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Will he Magically reappear?

Page 2 of 3 -- "I would love it if he came back," Rivers said. "He deserves it as much as anyone in sports. He's such a smart player and he never, ever complained. I wish I'd had him more because I knew how good we could have been with him."

Weisbrod, who arrived in Orlando four months before Hill as an executive and was named general manager last year, has seen the entire saga unfold. If anyone should have doubts, qualms, concerns, or wariness, Weisbrod is that fellow. But the GM, who has put his unmistakable stamp on this team (only one player remains from last year's Opening Night roster), is convinced we'll see a lot of Hill this season.

"He definitely believes he's back," Weisbrod said. "I can tell by the gleam in his eye. Before, there was always that trepidation."

Said Hill, "If I didn't believe 100 percent that I would be able to come back healthy and beat this injury, then I wouldn't have had the surgery or wouldn't have put myself through this. I am excited about being healthy, I am excited about this team and upcoming season. I like the fact that people kind of count me out and kind of count the team out."

In other words, dismiss Hill (and, by extension, the Magic) at your peril. There's no better comeback story out there -- and no one who deserves a happy ending more than Hill.

A big question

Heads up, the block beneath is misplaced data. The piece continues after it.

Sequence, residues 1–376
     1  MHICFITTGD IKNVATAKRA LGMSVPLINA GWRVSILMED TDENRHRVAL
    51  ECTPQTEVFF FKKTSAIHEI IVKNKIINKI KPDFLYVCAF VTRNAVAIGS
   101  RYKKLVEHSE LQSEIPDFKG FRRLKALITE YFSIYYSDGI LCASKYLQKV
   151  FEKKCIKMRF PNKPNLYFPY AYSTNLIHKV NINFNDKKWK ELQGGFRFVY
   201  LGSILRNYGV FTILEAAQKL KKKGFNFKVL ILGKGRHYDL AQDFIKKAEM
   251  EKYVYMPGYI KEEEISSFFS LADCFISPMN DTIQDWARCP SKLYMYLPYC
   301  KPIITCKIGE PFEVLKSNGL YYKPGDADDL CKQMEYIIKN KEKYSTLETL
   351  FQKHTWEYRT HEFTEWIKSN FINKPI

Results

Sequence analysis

On the subjects of comebacks, the Celtics have one unfolding with Raef LaFrentz. You may remember him; he came from Dallas in the Antoine Walker trade (as the major acquisition), then basically missed all of last season with a right knee injury. He played in only 17 games, and those were struggles. Danny Ainge then shut him down, surgery was performed in December, and now LaFrentz is in Waltham, playing five-on-five and hoping for the best. The upside: He says he's even willing to go through two-a-days. The downside: More than nine months since the operation, he's still feeling pain. "Once the season starts, I'll be able to have a better idea of where I am and how much I can do," LaFrentz said. "But I'm going through a lot now on the court, making moves, making cuts, playing with the guys. Once I get through training camp and the preseason, I should be comfortable again." That certainly is the hope of the Celtics. A healthy Raef manning the power forward position is a key to the season. But is Raef really healthy? "The biggest question," LaFrentz acknowledges, "is how is the knee is going to respond to regular-season games and practices?" Rivers said he likes what he sees from LaFrentz so far and has no plans to take it easy on the big guy in training camp. "He wants to be treated like everyone else, and that's what I plan to do," Rivers said . . . While LaFrentz and Hill may be on the mend, the same apparently is not the case for our old/new friend, Rick Fox. The Celtics have been maintaining since the day they acquired him in the Gary Payton deal that Fox was unlikely to play this season because of injuries. Fox corroborated that through his publicist Friday. "His body is not responding," said Staci Wolfe. "He has been diligently rehabbing all summer, but he still hasn't recovered. He still is bothered by his foot injury and by a bulging disk in his neck." Fox is on the books for around $5 million this season, which might make retirement a tough decision. Something should be known within a week or two, but Ainge is not expecting Fox to walk through that door anytime soon . . . The Utah Jazz might have had the best summer of anyone, signing free agents Mehmet Okur and Carlos Boozer as well as re-signing key guys Carlos Arroyo and Gordan Giricek and picking up potential help in the draft in the form of Kris Humphries and Kirk Snyder. But there's one order of unfinished business for owner Larry Miller: locking up the ever-valuable Andrei Kirilenko, who is eligible until Oct. 29 to be signed to a long-term extension. "I have a good relationship with [GM] Kevin O'Connor," said Kirilenko's rep, the ubiquitous Marc Fleisher. "We got Mehmet and Gordan done this summer, and I hope they feel the way I feel, that Andrei is a special player in this league who deserves to be compensated accordingly." Fleisher said he and O'Connor have been talking numbers -- and you can be sure there are a lot of zeroes involved. Boozer signed a six-year deal for $68 million, while Okur came aboard for $50 million over six years. Kirilenko should be even pricier, given his presence in last year's All-Star Game (selected by the coaches) and the fact that he is so young (23) and versatile. Fleisher also represents Tony Parker, who is in a situation similar to that of Kirilenko. He said he had his first chat this past week with Spurs GM R.C. Buford about an extension for Parker, of whom Fleisher said, "He's one of the best point guards in the league and maybe the best young point guard in the league." San Antonio re-signed Manu Ginobili and Bruce Bowen this summer and also signed free agent Brent Barry, dropping more than $90 million in the process. The Spurs will be over the cap next summer regardless of what they do with Parker, but, as he is one of theirs, anything goes up to the league max. "The Spurs have done an excellent job of managing their cap, and I don't expect that to suddenly come to a stop," Fleisher said. He added, however, that teams that now appear to have cap space for next summer also are teams that may need a point guard (hint, hint). Parker and Kirilenko would become restricted free agents next summer if not signed to extensions by the 29th. Given the way Utah and San Antonio run their teams, allowing either player to even think of free agency doesn't appear plausible.   Continued...

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